It might be worthy to remember that Aaron, Moses’s older brother and once-upon-a-time head priest, may feel a bit used, abandoned and stiffed by his brother Moses.  Perhaps, Aaron wants to restore the feeling of being the leader instead of being a perpetual sideshow. Therefore, it might not be too difficult to be the center of attention again.  Maybe or maybe not. 

This “un-holy cow” was going to test people, and I am sure that Moses uses different words to describe this “bull” to Aaron, which also describes the excuses Aaron provides for this.  

We know that later passages suggest that Aaron tries to shed blame for the misdeed, and we know that Moses casts deadly punishment on the camp — which God had not done. We have to ask, will God forgive us this time?

Through all of this, We end on a note of compassion and mercy from God when Moses reminds God of the covenant.  Through this intercession, we avoid a serious catastrophe, and further, the LORD continues to walk with the people into the Promised Land and beyond — Even though so many participate in the bull project.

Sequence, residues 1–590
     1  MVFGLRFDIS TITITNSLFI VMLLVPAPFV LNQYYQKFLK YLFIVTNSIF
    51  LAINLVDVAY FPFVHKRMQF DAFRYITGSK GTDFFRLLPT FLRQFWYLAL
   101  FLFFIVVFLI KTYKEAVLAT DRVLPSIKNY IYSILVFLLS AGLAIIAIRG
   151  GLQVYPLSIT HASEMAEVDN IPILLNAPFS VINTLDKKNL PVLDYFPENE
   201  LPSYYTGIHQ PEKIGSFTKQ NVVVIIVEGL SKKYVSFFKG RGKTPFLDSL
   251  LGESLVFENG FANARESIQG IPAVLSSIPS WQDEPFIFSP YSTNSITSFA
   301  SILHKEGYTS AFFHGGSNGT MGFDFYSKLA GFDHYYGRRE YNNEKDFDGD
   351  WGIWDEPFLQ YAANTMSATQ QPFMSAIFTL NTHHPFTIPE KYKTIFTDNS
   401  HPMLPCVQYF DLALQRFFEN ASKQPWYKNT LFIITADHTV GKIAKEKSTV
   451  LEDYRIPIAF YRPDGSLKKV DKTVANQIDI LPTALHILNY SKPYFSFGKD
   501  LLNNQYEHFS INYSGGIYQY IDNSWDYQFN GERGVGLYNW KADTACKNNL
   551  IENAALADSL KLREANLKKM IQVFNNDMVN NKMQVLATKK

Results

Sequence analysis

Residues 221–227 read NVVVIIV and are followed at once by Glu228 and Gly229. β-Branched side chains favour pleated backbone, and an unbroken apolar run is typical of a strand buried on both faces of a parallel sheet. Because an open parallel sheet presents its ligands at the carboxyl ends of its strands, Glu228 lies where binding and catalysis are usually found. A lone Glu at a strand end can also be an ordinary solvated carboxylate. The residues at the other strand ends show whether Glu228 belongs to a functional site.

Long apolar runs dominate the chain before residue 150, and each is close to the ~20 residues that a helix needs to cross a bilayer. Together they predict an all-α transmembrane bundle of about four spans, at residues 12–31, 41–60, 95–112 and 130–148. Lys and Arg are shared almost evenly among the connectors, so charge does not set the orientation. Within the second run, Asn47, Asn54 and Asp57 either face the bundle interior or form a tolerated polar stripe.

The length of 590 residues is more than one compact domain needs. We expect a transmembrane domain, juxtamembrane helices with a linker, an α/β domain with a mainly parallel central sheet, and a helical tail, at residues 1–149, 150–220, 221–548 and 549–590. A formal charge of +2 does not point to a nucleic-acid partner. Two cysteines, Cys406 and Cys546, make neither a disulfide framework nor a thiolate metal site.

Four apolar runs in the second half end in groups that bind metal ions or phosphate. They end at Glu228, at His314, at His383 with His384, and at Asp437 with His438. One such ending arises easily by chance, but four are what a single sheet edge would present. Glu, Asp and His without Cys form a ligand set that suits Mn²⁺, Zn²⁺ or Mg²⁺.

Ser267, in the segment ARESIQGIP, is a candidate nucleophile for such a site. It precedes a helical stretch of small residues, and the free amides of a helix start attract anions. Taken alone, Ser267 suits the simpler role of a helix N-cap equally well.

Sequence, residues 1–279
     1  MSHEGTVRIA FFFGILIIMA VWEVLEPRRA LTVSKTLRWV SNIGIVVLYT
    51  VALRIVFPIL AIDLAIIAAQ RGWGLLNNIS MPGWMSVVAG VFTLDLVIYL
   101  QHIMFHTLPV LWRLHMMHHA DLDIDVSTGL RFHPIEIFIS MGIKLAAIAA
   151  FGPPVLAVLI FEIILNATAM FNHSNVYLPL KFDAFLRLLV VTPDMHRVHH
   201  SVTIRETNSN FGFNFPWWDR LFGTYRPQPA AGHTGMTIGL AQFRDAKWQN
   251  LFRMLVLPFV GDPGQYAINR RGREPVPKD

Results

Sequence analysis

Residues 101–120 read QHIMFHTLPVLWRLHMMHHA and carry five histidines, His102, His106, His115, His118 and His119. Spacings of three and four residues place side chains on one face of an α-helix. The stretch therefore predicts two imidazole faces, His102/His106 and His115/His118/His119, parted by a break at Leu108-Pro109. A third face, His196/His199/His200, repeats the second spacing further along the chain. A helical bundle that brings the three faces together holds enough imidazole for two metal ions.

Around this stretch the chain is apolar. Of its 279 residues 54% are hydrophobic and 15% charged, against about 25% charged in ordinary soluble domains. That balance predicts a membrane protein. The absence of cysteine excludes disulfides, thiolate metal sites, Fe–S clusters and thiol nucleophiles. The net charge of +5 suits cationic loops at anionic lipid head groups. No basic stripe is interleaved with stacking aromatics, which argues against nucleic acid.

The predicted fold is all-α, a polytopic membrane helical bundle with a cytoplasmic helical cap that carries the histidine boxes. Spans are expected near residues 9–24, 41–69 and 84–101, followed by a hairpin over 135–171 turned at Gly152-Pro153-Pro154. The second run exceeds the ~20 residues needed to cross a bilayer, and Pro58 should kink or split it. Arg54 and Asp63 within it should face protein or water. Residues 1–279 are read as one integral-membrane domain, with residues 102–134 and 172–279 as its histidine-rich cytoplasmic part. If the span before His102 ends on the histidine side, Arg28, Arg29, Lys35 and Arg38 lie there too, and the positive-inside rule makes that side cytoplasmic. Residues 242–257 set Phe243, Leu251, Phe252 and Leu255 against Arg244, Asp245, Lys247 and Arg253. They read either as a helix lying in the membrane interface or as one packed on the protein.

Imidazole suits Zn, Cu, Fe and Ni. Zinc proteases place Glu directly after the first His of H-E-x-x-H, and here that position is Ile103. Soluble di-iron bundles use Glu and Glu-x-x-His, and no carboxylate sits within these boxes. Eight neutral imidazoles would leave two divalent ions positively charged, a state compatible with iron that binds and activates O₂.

Even though God does so much for us, we continue to fail. What do you when you fail: learn and correct, or forget and dodge? We have to remember that when we fail it is up to us to correct our behavior because God remains there for us, to walk with us, and incidentally, is still speaking to us.

Through Jesus, Moses, Elijah, Isaiah, and more, God spells out the mission of love, mercy, social justice and compassion that we are to uphold. 
Even though we fail so many times, that Someone still loves us.  But Why? 

As revealed in Genesis, we were made in God’s image and then provided the tools and creativity to take care of the world that was made for us.  God has a lot invested in us, and to just toss us away, that would be throwing away that tremendous investment. 

Plus, God still believes in us —thanks in part to Moses and later Jesus. Maybe, it is for this reason that God continues the work with us— hopefully, we understand how lucky we are.

Even during my mother’s angriest tirades at our wonton mischiefs, she was hurt too;